• a specific type of abnormal gene (T315I-positive) chronic phase, accelerated phase, or blast phase CML, or T315I-positive Ph+ ALL

ICLUSIG is not for use to treat people with newly diagnosed chronic phase CML.

It is not known if ICLUSIG is safe and effective in children.

Heart problems. ICLUSIG can cause heart problems, including heart failure which can be serious and may lead to death. Heart failure means your heart does not pump blood well enough. ICLUSIG can also cause irregular, slow, or fast heartbeats and heart attack. Your healthcare provider will check you for heart problems during your treatment with ICLUSIG. Get medical help right away if you get any of the following symptoms: shortness of breath, chest pain, fast or irregular heartbeats, dizziness, or feel faint.

Liver problems. ICLUSIG can cause liver problems, including liver failure, which can be severe and may lead to death. Your healthcare provider will do blood tests before and during your treatment with ICLUSIG to check for liver problems. Get medical help right away if you get any of these symptoms of liver problems during treatment:

See "What are the possible side effects of ICLUSIG?" for information about side effects.

What is ICLUSIG?

ICLUSIG is a prescription medicine used to treat adults who have:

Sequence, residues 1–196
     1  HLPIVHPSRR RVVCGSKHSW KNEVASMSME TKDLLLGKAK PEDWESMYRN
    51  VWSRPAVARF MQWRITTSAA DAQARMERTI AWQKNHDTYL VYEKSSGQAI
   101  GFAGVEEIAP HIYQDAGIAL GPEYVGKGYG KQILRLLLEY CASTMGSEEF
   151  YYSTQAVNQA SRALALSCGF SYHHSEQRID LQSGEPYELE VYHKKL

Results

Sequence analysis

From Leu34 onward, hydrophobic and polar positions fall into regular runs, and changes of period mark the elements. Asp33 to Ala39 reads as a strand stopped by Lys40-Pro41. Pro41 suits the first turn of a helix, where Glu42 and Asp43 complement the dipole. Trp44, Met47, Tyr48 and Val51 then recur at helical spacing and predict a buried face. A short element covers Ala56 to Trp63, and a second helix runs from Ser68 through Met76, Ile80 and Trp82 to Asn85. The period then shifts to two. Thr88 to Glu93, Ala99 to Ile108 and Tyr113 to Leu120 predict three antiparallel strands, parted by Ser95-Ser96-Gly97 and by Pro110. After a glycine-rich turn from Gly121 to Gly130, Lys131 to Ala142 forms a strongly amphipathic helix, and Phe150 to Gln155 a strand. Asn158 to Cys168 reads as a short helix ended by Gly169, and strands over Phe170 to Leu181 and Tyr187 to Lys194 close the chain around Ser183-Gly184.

ICLUSIG is not for use to treat people with newly diagnosed chronic phase CML.

It is not known if ICLUSIG is safe and effective in children.

Before you take ICLUSIG, tell your healthcare provider about all of your medical conditions, including if you:

Tell your healthcare provider about all the medicines you take, including prescription medicines and over-the-counter medicines, vitamins, and herbal supplements. ICLUSIG and other medicines may affect each other causing side effects.

Know the medicines you take. Keep a list of them to show your healthcare provider and pharmacist when you get a new medicine.

How should I take ICLUSIG?

What are the possible side effects of ICLUSIG?

ICLUSIG may cause serious side effects, including:

The most common side effects of ICLUSIG include:

Your healthcare provider may change your dose, temporarily stop, or permanently stop treatment with ICLUSIG if you have certain side effects.

Tell your healthcare provider if you have any side effect that bothers you or does not go away.

These are not all of the possible side effects of ICLUSIG. For more information, ask your healthcare provider or pharmacist.

Call your doctor for medical advice about side effects.

To report SUSPECTED SIDE EFFECTS, contact Takeda at 1-844-817-6468 or FDA at 1-800-FDA-1088 or www.fda.gov/medwatch.

Indications

ICLUSIG is a prescription medicine used to treat adults who have:

  • chronic phase chronic myeloid leukemia (CML) who did not tolerate or no longer benefit from treatment with at least 2 prior kinase inhibitor medicines
  • accelerated phase or blast phase CML, or Philadelphia chromosome positive acute lymphoblastic leukemia (Ph+ ALL) who cannot receive any other kinase inhibitor medicines
  • a specific type of abnormal gene (T315I-positive) chronic phase, accelerated phase, or blast phase CML, or T315I-positive Ph+ ALL

ICLUSIG is not for use to treat people with newly diagnosed chronic phase CML.

It is not known if ICLUSIG is safe and effective in children.

Please read the Medication Guide for ICLUSIG and discuss it with your doctor. The Prescribing Information also is available.